The Lions didn’t go out and make a huge splash in free agency this offseason, choosing instead to keep their core group of players together and bringing back 21 of 22 starters from last year’s 10-6 playoff team.
Lions general manager Martin Mayhew was recently asked how he’s noticed the 2012 version of his football team improve from a year ago.
“I’ll start with something that’s probably not what you’re really looking for, but the continuity that we have going for us is one of the special things that a lot of the good teams and franchises have,” Mayhew answered.
“You look around the league, the model franchises really have improved themselves by maintaining that continuity and keeping their coaching staff in place and just building upon what they did the previous year.”
The Lions are entering their fourth season under head coach Jim Schwartz, offensive coordinator Scott Linehan and defensive coordinator Gunther Cunningham.
A number of players have commented this offseason on how much farther ahead of schedule they are than in previous seasons because of their ability to hit the ground running this season with the returning coaching staff and starters.
“We don’t really have an install right now,” quarterback
The stability within the coaching staff and the roster will certainly help, but here are five more ways the Lions can better in 2012 than their 10-win output of last season:
1. Stay healthy in the secondary
One of the reasons for the Lions’ lack of success on defense late last year (besides playing the Packers and Saints twice) was the loss of starting safety
The Lions entered that Week 11 Thanksgiving Day game ranked in the top 10 in pass defense, but without a healthy Delmas or Houston the rest of the way, well, let’s just say the Lions weren’t a top-10 pass defense. Far from it, actually. In losses to the Packers and Saints to end the season, the Lions allowed over 900 yards passing and nine touchdowns.
The secondary is better equipped to handle those types of losses this season with better depth in the form of
The secondary needs to stay on the field this season, especially Delmas.
2. Run game pulls its weight
The Lions are a passing team. With all the weapons at quarterback Matthew Stafford’s disposal, there’s no way this offense could be categorized any differently. It’s simple, really, the Lions have the best chance of winning with the ball in Stafford’s hands.
That being said, the passing game could be enhanced with the threat of a versatile rushing attack. The Lions employ the single greatest play-action passing threat in the NFL in receiver
The Lions aren’t ever going to run it as much as they throw it, but they want to be able to attack opponents on the ground when they scheme to the stop the pass.
“We want to do both and be effective at both,” Linehan said. “We certainly threw the ball more than we ran it last year, and we had lots of success with that. But if the defense is set up to stop the pass, obviously the run is where you go. We want to be able to be a two-dimensional offense.”
The Lions have high hopes that running back
Suh took the NFL by storm as a rookie earning All Pro and Pro Bowl honors after a 10-sack, 66-tackle performance.
It was unrealistic for anyone to think Suh was going to match the production of his rookie season, statistically at least, but no one figured he’s drop off as significantly as he did. He had four sacks and 36 tackles last season in 14 games.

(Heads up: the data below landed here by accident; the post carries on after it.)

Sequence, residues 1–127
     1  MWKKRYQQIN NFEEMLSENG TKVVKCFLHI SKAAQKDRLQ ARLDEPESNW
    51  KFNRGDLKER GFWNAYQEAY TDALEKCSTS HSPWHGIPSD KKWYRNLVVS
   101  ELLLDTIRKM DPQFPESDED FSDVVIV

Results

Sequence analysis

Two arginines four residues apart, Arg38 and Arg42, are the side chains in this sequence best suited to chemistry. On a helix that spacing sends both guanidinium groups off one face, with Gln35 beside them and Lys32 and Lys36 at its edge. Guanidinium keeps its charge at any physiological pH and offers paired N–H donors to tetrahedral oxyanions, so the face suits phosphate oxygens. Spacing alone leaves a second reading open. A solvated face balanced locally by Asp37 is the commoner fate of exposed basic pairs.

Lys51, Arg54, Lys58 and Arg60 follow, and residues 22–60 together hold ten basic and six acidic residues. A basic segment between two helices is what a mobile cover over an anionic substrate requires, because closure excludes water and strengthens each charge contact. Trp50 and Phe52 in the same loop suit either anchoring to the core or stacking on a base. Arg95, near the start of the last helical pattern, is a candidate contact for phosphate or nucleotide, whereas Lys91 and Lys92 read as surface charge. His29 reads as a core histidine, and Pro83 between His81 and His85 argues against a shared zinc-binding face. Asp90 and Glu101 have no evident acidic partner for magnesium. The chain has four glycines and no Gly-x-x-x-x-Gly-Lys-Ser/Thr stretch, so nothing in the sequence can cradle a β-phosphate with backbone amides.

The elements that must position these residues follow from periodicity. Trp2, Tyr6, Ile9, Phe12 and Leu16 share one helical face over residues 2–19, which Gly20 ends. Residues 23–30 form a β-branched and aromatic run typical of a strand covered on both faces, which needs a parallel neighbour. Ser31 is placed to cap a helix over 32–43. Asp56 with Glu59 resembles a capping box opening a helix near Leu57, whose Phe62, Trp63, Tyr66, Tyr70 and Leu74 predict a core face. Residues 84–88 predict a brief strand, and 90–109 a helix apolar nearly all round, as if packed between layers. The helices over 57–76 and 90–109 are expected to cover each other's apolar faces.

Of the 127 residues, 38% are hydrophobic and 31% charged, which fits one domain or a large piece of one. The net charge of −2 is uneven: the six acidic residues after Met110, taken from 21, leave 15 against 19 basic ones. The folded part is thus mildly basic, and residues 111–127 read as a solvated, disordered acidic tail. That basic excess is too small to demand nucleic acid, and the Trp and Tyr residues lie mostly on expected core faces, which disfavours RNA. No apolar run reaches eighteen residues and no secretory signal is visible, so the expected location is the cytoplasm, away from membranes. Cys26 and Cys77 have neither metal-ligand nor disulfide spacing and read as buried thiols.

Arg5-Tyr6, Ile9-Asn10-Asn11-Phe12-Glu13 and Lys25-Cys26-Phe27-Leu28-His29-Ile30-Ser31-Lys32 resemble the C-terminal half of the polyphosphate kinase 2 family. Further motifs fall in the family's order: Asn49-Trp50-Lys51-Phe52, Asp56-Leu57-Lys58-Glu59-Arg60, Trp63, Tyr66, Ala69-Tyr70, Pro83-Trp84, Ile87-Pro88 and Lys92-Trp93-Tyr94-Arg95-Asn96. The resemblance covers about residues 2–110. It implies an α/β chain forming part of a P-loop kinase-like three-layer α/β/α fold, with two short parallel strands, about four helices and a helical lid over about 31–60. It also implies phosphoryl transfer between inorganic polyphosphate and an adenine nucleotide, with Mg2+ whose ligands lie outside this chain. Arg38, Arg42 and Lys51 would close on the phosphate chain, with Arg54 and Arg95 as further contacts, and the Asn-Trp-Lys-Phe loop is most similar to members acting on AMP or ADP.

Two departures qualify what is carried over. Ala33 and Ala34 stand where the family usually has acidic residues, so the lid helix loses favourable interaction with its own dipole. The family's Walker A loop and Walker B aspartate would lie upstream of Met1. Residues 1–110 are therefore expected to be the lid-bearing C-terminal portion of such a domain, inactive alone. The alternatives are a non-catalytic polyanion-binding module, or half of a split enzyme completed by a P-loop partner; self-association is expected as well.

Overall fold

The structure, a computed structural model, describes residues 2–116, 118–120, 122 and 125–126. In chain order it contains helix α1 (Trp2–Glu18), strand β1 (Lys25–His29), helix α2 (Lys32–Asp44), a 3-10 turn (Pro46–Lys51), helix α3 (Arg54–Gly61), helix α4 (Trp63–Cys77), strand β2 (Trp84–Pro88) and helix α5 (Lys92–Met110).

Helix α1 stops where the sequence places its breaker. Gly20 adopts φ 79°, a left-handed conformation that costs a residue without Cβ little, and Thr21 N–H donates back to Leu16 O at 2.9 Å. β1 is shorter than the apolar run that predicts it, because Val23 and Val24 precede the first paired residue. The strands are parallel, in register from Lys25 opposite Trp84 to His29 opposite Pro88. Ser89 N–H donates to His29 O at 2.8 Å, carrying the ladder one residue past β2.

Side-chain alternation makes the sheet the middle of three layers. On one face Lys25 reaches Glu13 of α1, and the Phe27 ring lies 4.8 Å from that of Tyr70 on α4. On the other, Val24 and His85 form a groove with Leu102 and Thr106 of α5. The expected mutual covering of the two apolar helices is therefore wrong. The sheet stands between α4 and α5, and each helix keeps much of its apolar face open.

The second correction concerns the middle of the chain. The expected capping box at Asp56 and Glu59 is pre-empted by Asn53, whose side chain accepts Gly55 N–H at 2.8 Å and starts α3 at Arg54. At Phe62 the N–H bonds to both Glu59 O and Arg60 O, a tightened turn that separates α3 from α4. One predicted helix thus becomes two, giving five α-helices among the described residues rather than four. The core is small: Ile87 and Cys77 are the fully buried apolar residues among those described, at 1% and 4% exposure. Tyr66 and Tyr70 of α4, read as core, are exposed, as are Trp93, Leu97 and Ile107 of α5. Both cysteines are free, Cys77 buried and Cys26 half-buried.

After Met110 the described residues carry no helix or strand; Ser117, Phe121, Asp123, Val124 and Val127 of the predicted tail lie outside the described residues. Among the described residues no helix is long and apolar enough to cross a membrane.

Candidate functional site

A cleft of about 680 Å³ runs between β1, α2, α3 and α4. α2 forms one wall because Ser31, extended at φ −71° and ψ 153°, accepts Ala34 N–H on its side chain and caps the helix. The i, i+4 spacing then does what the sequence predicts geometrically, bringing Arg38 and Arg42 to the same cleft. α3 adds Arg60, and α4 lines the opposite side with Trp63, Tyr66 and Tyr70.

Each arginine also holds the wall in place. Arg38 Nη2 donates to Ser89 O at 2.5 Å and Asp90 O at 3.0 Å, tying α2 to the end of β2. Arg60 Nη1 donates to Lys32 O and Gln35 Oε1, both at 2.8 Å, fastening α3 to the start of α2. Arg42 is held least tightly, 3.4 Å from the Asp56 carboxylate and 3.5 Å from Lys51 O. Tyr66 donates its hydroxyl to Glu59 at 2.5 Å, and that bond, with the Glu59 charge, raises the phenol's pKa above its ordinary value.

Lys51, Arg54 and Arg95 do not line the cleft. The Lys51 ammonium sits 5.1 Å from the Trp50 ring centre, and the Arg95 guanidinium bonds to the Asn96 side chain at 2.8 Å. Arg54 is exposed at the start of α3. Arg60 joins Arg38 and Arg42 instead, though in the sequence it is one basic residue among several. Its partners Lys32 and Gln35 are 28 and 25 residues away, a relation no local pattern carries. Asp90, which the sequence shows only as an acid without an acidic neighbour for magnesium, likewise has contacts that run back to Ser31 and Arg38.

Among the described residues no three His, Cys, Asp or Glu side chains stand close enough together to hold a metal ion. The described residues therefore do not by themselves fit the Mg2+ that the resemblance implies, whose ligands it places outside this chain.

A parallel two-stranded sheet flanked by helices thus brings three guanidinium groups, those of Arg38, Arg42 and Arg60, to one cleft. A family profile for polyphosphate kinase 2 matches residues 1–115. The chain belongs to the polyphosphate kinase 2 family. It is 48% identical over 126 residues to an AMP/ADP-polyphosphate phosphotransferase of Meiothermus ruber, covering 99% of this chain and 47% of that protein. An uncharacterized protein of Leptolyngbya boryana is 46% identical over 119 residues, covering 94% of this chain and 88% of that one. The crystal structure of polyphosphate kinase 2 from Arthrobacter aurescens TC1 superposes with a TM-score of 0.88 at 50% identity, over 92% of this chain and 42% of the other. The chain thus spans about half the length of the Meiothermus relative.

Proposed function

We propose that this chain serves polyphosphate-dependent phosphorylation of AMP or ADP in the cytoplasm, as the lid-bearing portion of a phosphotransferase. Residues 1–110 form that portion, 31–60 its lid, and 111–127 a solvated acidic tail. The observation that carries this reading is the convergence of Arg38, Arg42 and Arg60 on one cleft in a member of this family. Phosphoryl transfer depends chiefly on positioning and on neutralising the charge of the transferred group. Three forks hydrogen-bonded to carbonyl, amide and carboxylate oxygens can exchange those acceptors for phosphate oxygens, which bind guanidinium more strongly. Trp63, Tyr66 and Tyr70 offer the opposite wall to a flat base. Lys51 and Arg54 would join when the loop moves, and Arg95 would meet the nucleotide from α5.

The 30 fewer tackles jump out more than the lower sack total. Suh definitely got more attention from blockers following that rookie season and was visibly frustrated at times with the constant double teams.
Suh still makes an impact every time he steps on the field, but what the Lions really need are the impact plays we saw from him as a rookie -- the sacks, the tackles for loss, the fumble recoveries and the defensive touchdowns. They get those, they're back in business.
Fairley has looked great this offseason and Lions general manager Martin Mayhew singled him out as one of three players who really caught his eye.
We got a glimpse of Fairley’s potential in the first quarter against the Saints (sack, two tackle for loss), and if he can get past that lingering foot injury and remain 100 percent healthy, the Lions’ defensive line has the potential to be even better in 2012.
4. Stafford continues to progress
Stafford became only the fourth quarterback in NFL history to throw for 5,000 yards in a season last year and set team records for attempts (663), completions (421), yards (5,038) and touchdowns (41).
But as good as Stafford was last season, there were times when he struggled a bit or was neutralized. In a 23-16 loss to the Falcons, Stafford was 15-of-32 passing for 183 yards, led two three-and-out drives in the fourth quarter and on the final offensive series at the end of the game failed to reach past the Falcons’ 41-yard line.
The Lions will go only as far as Stafford can take them. He’s entering his fourth season in Linehan’s offense, which is a huge advantage for a young quarterback. The Lions have hit the ground running offensively this offseason and Stafford has taken more ownership of the offense.
If he can continue to develop within the system and clean up a few inconsistencies, he could be even better in 2012.
5. Rookies find their place and contribute early
The Lions selected offensive tackle Riley Reiff No. 23 overall in April’s NFL Draft, making him the first offensive lineman taken in the first round since
Reiff could prove to be an upgrade at either tackle spot as early as this season and the Lions still haven’t ruled out the possibility of him playing some guard, too. If Reiff earns a starting spot anywhere along the line, it means the coaches think he’s an upgrade and the offensive line is immediately better.
Rookie defensive end